Ledig stilling på Universitetet i Oslo

Blindern og Urbygningen (Foto: Wikimedia og Colourbox)
Blindern og Urbygningen (Foto: Wikimedia og Colourbox)

PhD Research Fellow in the concept of “Tipping points”

Deadline: 09.10.2020

Universitetet i Oslo

The University of Oslo is Norway’s oldest and highest rated institution of research and education with 28 000 students and 7000 employees. Its broad range of academic disciplines and internationally esteemed research communities make UiO an important contributor to society.

Department of Biosciences (IBV) is one of nine departments at the Faculty of Mathematics and Natural Sciences. Research in the department is organised in five sections covering topics within biochemistry, molecular biology, physiology, cell biology, genetics, aquatic biology, toxicology, ecology, and evolutionary biology.

Education across these topics is offered for around 380 bachelor, 170 master, and 75 PhD students. With 52 permanent professors/associate professors, post-docs, researchers, technical, and administrative personnel, the Department has a total staff of 340 from more than 30 different countries. The Department aims to maintain high international standards within both research and teaching. The new bachelor program in bioscience is the first of its kind to include programming and computational modelling as core elements.

Job description

A position as PhD Research Fellow in the perception and role of tipping points in climate, nature and society is available at the Department of Biosciences and affiliated with the Centre for Biogeochemistry of the Anthropocene (CBA) and UiO:Nordic. The working place will be the Department of Biosciences.

The fellowship will be for a period of 3 years, with no compulsory work or if relevant for a period of 4 years, with 25% compulsory work (teaching responsibilities) contingent on the qualifications of the candidate and the teaching needs of the department. Starting date is no later than January 2021.

No one can be appointed for more than one PhD Research Fellowship period at the University of Oslo.

The fellowship is part of the project “The Ambivalence of Nordic Nature” under UiO:Nordic and co-financed by this program and the faculty of Mathematics and Natural Sciences.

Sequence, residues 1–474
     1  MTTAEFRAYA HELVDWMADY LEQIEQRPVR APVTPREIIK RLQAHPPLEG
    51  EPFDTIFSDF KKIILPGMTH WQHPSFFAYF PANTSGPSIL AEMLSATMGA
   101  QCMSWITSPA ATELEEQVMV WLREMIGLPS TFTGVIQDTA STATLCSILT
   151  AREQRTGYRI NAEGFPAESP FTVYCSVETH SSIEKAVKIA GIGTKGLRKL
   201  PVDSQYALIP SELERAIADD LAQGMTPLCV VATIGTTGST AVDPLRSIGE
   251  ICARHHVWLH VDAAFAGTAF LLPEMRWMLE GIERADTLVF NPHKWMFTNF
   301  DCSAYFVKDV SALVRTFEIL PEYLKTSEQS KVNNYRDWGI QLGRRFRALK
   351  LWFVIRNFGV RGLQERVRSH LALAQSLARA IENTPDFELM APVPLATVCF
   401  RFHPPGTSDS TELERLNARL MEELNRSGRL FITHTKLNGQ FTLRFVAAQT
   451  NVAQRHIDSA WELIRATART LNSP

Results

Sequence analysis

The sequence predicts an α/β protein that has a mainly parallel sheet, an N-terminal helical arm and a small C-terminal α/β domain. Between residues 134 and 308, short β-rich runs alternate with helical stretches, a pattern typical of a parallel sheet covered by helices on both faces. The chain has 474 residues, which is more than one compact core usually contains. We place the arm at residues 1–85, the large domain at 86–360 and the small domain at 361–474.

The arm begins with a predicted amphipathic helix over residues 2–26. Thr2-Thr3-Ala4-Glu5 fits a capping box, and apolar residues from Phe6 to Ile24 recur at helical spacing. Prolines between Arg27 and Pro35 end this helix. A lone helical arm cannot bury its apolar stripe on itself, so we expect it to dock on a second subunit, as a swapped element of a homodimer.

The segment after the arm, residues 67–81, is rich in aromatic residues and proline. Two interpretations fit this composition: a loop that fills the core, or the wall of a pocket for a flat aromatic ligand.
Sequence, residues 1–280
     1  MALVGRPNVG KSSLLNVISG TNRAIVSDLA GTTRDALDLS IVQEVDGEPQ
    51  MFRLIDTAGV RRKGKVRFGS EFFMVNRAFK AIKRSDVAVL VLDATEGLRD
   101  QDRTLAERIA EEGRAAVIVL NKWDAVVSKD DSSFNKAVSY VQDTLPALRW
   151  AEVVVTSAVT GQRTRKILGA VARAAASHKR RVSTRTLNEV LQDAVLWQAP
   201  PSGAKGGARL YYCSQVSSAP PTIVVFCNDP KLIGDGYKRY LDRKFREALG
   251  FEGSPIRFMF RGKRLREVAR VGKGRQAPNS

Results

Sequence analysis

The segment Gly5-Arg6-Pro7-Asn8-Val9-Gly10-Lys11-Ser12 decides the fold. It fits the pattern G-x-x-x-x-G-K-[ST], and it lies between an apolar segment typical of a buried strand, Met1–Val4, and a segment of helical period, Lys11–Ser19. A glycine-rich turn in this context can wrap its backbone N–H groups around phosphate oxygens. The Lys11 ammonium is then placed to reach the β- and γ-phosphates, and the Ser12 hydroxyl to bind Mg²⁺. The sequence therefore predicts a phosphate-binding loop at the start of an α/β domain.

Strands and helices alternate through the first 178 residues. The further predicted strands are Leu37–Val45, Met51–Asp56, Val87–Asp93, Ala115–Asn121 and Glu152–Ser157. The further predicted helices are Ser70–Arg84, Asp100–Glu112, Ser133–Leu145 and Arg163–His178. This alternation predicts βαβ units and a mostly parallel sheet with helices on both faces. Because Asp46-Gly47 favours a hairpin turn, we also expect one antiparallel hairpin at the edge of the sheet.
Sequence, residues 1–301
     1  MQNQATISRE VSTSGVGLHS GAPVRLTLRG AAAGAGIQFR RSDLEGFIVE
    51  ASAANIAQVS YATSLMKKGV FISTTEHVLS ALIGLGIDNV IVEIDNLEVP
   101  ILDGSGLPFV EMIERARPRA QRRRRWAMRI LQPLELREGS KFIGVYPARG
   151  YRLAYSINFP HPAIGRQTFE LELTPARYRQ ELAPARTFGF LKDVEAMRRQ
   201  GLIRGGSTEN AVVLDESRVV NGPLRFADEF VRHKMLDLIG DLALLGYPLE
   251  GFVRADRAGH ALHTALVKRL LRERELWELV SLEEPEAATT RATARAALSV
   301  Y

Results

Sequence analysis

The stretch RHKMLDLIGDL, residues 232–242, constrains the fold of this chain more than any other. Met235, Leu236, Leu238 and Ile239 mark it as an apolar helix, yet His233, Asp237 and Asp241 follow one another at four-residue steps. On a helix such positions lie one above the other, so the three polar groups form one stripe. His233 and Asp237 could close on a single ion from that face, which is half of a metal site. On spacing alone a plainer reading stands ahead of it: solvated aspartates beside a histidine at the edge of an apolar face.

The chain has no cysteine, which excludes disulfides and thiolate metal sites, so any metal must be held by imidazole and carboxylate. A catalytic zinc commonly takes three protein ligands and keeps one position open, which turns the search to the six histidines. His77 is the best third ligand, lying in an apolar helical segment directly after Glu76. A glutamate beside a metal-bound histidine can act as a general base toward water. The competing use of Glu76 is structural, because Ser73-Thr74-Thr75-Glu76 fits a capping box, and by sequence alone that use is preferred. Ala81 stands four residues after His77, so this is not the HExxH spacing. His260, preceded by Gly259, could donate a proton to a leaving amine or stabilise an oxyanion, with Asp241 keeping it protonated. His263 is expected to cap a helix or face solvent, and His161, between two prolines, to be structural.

The background for the position is that current climate change has critical implications for Earth system processes, many of which remain poorly understood. Avoiding dangerous feedbacks and climatic tipping points requires that humans take deliberate, integral, and adaptive steps to reduce dangerous impacts on the Earth System, effectively monitoring and changing behavior to form feedback loops that stabilize this intermediate state. The question is how we can deliberately work with multiple, interacting feedback loops to help stabilize the climate and avoid further ecosystem degradation. Where are the critical points of convergence? To address this undoubtedly require a convergence of understandings of the relationships between natural and social tipping points.

The PhD candidate will work in a cross-disciplinary team including psychology and philosophy, yet should have the feedbacks and tipping point in natural systems as a point of departure. While Nordic societies are highly educated and have access to knowledge on climate change and climate risks, recent polls indicate a strikingly low public concern and interest in these matters, yet other studies indicate otherwise. This Faculty of Mathematics and Natural Sciences based PhD will thus take feedbacks and potential tipping points in climate systems as a point of departure, use existing polls and discuss societal impacts of this to address linkages between climate feedbacks and societal perception and feedbacks. E.g. does knowledge of the climate risks motivate societal, political and corporate responses? How are these risks perceived? Which type of messages are motivating, and which are demotivating? Will shame in this context motivate or just arise psychological barriers and rationalizing own behaviour? A poll, aided by a professional company, will likely be part of the PhD, but also existing data will be available. The emphasis on the natural or societal aspects of tipping points will depend on the candidates background and qualifications.

The PhD fellow will thus be part of an interdisciplinary team with 2-3 other PhDs and postdocs working on adjacent topics.